The Ohio and Dayton Right to Life groups said Tuesday they were disturbed to learn last week the board has closed their case against three doctors at Women’s Med Center of Dayton without action. The groups want the normally-private investigative file opened.
Documents show the state Health Department found Women’s Med violated informed-consent regulations in the case and it prompted Miami Valley Hospital not to advise in future clinic-related cases. Records showed the woman of unknown identity couldn’t walk, talk or keep her eyes open.
Medical Board letters indicated investigators couldn’t find adequate medical or legal evidence to justify further action.
Ohio school board member resigns due to out-of-state move
DAYTON, Ohio (AP) — A member of the State Board of Education who resigned because he’s leaving Ohio used his departure to voice concerns about problems that he says will continue to plague the state’s schools.
Former Montgomery County auditor and judge A.J. Wagner, who resigned Friday, had served on the board for two years and advocated on behalf of high-poverty schools and urban districts, the Dayton Daily News reported.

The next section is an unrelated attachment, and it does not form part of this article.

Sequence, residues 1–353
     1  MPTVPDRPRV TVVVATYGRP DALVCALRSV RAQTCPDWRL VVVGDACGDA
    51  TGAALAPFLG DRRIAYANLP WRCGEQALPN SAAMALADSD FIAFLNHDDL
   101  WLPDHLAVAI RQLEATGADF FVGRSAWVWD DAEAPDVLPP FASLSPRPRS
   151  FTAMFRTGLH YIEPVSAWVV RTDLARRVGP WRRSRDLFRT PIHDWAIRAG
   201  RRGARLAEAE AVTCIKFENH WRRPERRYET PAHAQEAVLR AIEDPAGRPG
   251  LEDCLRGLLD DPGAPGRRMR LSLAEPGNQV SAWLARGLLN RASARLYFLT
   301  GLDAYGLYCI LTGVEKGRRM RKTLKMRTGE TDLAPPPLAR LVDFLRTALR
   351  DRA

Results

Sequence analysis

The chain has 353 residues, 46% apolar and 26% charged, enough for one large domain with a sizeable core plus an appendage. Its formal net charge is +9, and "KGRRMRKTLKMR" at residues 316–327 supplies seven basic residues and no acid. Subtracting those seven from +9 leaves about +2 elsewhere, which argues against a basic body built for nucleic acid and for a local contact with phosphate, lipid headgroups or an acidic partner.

He was appointed in 2014 and elected to a full term later that year. Republican Gov. John Kasich will appoint someone to finish Wagner’s term through 2018, board President Tom Gunlock said.
In his resignation letter, Wagner praised Kasich for demonstrating “a sincere concern for children” but raised numerous concerns about Ohio’s schools.
“I believe education is changing, and not necessarily for the better,” Wagner wrote. “Funding shortages, unnecessary testing, the Ohio report card system, shortage of teachers, elimination of music, art, nurses, recess, counselors and other essential services for our students will certainly haunt Ohio for years to come.”
Wagner also advocated for more pre-kindergarten education, tighter oversight of charter schools and flexibility in graduation standards to account for students “without the talent or money needed for college success.”